Six months after Russian President Vladimir Putin signed a new law targeting missionary and evangelistic activities, Baptists and others in the country face large fines and other penalties. The new law went into effect on July 20. Authorities prosecuted at least 32 cases in the first six months after the law went into force. Two Baptists were among the first charged in the law’s first month and other Baptists are now finding themselves targeted.
Roman Lunkin, head of the Center for religion and society at the Institute of Europe Russian Academy of Sciences and a research fellow in Kennan Institute of Wilson Center in Washington, D.C., said the law “was adopted without discussion” and “the part on missionary activity was added just five days before the voting.” He added that the new law “violated our Constitution.”
“There is no reasonable doubts that it is used mainly against evangelicals in Russia and there are some political reasons for that,” he explained, noting that only officials from the Russian Orthodox Church were invited to offer input on the bill.
Lunkin believes concerns about evangelicals exist because “the influence of Protestant churches is growing” and are seen as “competition with [the] Orthodox Church.” Additionally, he believes “Russian authorities and especially security services see evangelicals as a real threat for the national security.” This concern exists since officials fear evangelicals “stay connected with ‘revolutionary’ churches in Ukraine.”
As the law moved through the governmental steps, Russian Baptists urged a day of prayer and fasting and urged Baptists to sign a petition opposing the restrictions on religious liberty. Alexei Smirnov, chairman of the Russian Union of Evangelical Christians-Baptists, wrote a public appeal to Putin before the signing of the law. The Union includes more than 1,800 churches with more than 76,000 members. Smirnov argued the “bill will affect the basic constitutional rights and freedoms of millions of believers of the Russian citizens” and will “abolish one of the inalienable rights and freedoms — the freedom of religion.”
“The bill is unconstitutional because it violates the fundamental rights of its citizens and does not correspond to the current Constitution of the Russian Federation,” he added. “The bill violates the right of citizens to freedom of conscience.”
The new law quickly led to charges against Baptists and other Christians. The law criminalizes sharing one’s faith outside an official house of worship, which can spark problems for house churches that are not always treated by officials as houses of worship. Missionaries from other countries are particularly restricted, even being fined for activities within a church.
Lunkin said individuals and communities are “fined because they want to say some words on their faith and about God to people surrounding them.” He added that “the fines could make churches and preachers bankrupt and cancel any missionary activity.” Organizations face fines of 1 million rubles (nearly $17,000) and individuals face fines of 50,000 rubles (nearly $840).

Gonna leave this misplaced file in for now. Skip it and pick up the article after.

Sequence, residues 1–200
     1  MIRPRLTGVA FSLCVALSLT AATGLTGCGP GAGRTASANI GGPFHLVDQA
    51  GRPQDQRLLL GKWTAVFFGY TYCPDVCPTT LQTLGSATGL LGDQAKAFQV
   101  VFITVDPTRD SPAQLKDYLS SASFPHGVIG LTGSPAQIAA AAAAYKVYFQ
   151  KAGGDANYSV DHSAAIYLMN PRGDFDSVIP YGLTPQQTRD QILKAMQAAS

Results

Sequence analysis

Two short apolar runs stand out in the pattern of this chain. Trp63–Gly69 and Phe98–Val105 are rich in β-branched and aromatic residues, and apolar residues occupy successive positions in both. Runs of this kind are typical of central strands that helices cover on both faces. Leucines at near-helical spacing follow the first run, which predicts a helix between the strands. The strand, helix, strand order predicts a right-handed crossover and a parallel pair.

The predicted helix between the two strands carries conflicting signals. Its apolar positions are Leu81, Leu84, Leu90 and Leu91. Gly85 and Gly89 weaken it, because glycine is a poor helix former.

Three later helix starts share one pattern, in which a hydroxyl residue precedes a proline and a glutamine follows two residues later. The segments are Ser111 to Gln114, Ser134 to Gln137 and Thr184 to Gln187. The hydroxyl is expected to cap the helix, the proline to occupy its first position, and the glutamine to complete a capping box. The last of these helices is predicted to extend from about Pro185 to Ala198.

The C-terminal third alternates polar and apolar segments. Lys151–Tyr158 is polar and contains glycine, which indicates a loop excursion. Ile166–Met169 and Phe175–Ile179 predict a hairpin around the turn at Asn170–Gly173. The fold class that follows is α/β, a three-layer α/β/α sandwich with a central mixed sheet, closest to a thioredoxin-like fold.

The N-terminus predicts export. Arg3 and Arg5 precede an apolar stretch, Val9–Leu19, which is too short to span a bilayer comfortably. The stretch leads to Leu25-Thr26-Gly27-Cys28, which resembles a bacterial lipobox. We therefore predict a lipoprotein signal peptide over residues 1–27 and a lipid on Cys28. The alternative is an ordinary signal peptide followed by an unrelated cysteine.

Two of the first cases targeted Baptists. In August, authorities eliminated a playground near a Baptist congregation in Noyabrsk. Authorities claimed the church illegally led a camp, while church leaders note they merely built a playground and organized some children’s activities there. The church’s pastor, Alexei Teleus, was fined 5,000 rubles (about $83) for “implementation of the missionary activities in violation of the requirements of the law on freedom of conscience and freedom of religion and religious associations.” Although Baptists dispute the claims leading to the charges, the pastor invoked his faith in deciding not to appeal.
Later in August, Donald Ossewaarde, an Independent Baptist missionary from the U.S., received a fine of 40,000 rubles (about $670) after three policemen came to a Sunday morning Bible study he led. They charged him with violating the new law by conducting missionary activities. Upon receiving his fine, he wrote on his website he “had the sinking feeling that my ministry in Oryol was finished.” Ossewaarde and his wife, Ruth, starting serving in Ukraine in 1999 and then moved to Oryol, Russia, in 2002. They have returned home to Bourbonnais, Ill., as he appeals the charge.
In December, authorities targeted two more Baptist congregations. The pastor of one church became the first religious leader charged for not notifying the authorities of an unregistered group’s activities. A district prosecutor’s office “temporally suspended” another congregation for being unregistered. Since the law’s passage, Baptist Union leaders have attempted to train pastors and others about their rights.
Lunkin stressed the loss of religious liberty rights as a result of restrictions on missionary activity that “are generally against Christian churches in Russia that want to express their faith in public.”
“The most important consequence from the recent changes in Russian legislation,” he said, “is the canceling of religious freedom that was constituted in Russia after the fall of the Soviet Union.”